30 July 2011
A lucky alliance between bloggers and a magazine
An example of how a printed magazine is diversifying to thrive in online publishing
There is no denying that blogs have increased in popularity in recent years, with some of the most prolific bloggers garnering an audience that many printed magazines can only dream of.
However, while the top blogs can boast readership numbers beyond even the most successful magazines, they don't even come close to the success of magazines in terms of revenue. The September issue of the US edition of Vogue, for example, contained 584 ad pages bringing in $92 million of revenue for that one month alone. Show me a blogger who can make that much from their site in a single month.
It seems exaggerated to speculate that online magazines will lead to the demise of their printed counterparts anytime soon, but the immediacy with which bloggers can release information and new stories, and the relatively low overheads has led many print publishers to seek ways to benefit from the same advantages, while also being able to gain revenue from the large audiences.
One print magazine in particular has shown great initiative when it comes to harnessing the power of the online media space. And instead of taking on the bloggers in a head-to-head battle, US publication Lucky magazine has decided that if you can't beat them, join them!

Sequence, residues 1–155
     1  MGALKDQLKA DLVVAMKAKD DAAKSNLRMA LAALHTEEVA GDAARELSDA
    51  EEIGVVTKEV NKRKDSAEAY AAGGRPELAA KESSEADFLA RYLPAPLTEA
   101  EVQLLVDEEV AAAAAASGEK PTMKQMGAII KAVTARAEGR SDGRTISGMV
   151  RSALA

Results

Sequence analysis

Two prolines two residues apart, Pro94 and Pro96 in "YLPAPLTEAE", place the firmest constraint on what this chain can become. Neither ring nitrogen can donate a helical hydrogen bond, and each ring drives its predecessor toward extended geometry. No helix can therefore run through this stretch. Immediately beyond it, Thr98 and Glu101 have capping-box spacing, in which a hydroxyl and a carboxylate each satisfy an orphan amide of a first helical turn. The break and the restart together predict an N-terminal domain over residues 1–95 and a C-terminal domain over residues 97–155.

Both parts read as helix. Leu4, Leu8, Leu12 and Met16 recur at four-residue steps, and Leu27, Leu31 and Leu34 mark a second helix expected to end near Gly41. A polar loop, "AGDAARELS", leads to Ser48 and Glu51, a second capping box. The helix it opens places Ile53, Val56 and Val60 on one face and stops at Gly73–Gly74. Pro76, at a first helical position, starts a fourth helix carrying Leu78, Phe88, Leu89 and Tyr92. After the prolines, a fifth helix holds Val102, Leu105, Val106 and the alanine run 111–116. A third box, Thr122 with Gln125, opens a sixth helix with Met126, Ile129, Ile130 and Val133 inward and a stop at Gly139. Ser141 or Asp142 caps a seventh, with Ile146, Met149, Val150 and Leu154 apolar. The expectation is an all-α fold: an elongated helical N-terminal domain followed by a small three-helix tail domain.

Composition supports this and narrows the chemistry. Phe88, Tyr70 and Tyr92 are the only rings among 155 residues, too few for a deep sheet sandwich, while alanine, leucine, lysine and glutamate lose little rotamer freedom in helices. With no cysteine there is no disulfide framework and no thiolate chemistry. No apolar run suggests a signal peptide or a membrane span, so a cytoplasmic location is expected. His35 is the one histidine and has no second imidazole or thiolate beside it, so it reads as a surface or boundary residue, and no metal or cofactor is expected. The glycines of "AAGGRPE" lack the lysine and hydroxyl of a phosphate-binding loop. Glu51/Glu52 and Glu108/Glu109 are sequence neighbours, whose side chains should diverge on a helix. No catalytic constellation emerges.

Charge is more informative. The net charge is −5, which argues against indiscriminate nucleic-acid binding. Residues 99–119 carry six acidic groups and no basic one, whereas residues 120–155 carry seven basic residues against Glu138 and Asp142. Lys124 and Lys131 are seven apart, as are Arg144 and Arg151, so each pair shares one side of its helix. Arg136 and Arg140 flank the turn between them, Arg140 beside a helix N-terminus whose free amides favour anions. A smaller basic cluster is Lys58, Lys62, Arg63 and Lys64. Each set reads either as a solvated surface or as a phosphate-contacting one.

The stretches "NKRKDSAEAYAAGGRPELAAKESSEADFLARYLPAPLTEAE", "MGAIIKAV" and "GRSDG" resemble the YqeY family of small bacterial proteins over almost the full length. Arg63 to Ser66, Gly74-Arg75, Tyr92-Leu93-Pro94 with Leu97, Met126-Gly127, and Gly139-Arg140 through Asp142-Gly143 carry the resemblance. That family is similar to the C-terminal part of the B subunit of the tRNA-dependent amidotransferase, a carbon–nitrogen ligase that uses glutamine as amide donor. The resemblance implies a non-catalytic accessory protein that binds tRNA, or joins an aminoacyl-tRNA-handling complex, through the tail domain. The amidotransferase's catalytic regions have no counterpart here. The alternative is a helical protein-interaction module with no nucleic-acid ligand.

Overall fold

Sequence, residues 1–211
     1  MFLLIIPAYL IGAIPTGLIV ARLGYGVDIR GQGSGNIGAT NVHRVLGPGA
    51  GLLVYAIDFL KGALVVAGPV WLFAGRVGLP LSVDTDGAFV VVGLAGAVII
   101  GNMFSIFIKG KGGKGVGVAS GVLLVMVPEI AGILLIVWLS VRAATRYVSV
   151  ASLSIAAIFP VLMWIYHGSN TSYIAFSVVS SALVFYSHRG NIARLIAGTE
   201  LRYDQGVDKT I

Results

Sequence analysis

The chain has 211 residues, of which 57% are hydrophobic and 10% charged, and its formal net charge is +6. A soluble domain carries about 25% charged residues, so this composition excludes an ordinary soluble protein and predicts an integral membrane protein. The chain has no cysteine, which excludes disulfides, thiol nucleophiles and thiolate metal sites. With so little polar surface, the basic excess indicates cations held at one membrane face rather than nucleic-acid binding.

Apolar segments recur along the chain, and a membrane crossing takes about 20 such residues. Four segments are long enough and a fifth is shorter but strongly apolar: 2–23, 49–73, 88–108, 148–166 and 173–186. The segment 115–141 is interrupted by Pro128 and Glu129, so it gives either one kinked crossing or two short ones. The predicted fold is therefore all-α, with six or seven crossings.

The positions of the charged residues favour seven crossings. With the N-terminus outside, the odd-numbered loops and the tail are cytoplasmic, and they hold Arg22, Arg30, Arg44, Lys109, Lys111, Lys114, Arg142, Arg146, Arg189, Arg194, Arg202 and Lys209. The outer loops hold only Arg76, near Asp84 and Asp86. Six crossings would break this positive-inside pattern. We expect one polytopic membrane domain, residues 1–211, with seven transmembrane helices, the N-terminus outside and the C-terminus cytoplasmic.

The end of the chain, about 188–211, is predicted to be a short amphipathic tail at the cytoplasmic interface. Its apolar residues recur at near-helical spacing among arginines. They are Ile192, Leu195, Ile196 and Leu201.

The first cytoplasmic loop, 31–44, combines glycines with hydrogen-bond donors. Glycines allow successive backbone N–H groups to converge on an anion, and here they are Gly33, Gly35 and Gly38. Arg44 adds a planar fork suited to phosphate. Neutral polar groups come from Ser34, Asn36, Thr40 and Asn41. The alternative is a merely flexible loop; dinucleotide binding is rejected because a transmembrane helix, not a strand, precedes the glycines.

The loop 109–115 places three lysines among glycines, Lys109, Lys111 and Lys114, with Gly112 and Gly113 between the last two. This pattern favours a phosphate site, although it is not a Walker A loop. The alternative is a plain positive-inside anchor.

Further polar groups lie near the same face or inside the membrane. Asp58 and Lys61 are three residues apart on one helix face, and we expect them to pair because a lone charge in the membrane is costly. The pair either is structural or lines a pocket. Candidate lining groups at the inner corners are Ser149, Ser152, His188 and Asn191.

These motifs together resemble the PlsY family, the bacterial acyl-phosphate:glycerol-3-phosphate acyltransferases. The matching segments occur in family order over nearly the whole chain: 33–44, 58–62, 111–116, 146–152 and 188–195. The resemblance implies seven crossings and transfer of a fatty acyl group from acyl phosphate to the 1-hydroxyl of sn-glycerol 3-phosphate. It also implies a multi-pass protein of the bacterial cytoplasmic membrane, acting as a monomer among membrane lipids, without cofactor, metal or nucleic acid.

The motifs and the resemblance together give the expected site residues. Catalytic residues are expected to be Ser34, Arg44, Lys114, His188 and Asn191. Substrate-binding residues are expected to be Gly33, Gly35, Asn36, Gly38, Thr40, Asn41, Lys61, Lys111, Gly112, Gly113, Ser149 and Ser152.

Part of the Condé Nast publishing empire, Lucky magazine has formed a strategic alliance with 50 top fashion and beauty bloggers to create the Lucky Style Collective, a network of bloggers who will now be contributing to both the printed magazine and the website.
Lucky aims to extend its audience with the collaboration. It is hoped that those who follow the bloggers' sites will also follow them on the Lucky website or by reading the printed magazine.
The bloggers benefit from new advertising opportunites. Marketers are invited to buy ad space on both luckymag.com and the blogs that make up the Lucky Style Collective. The advertising department at Lucky magazine take on the responsibility for selling advertising space on the blogs, meaning that they benefit from all the advertising contacts that the magazine has. The revenue is then being shared 50/50 between the magazine and the bloggers.
The benefits also extend to the advertisers who are able to go to a brand they trust in order to get help to extend their reach into the blogosphere and reach new audiences.
30 July 2011Editorial, Graphic Design, Magazine Design, Magazine Publishing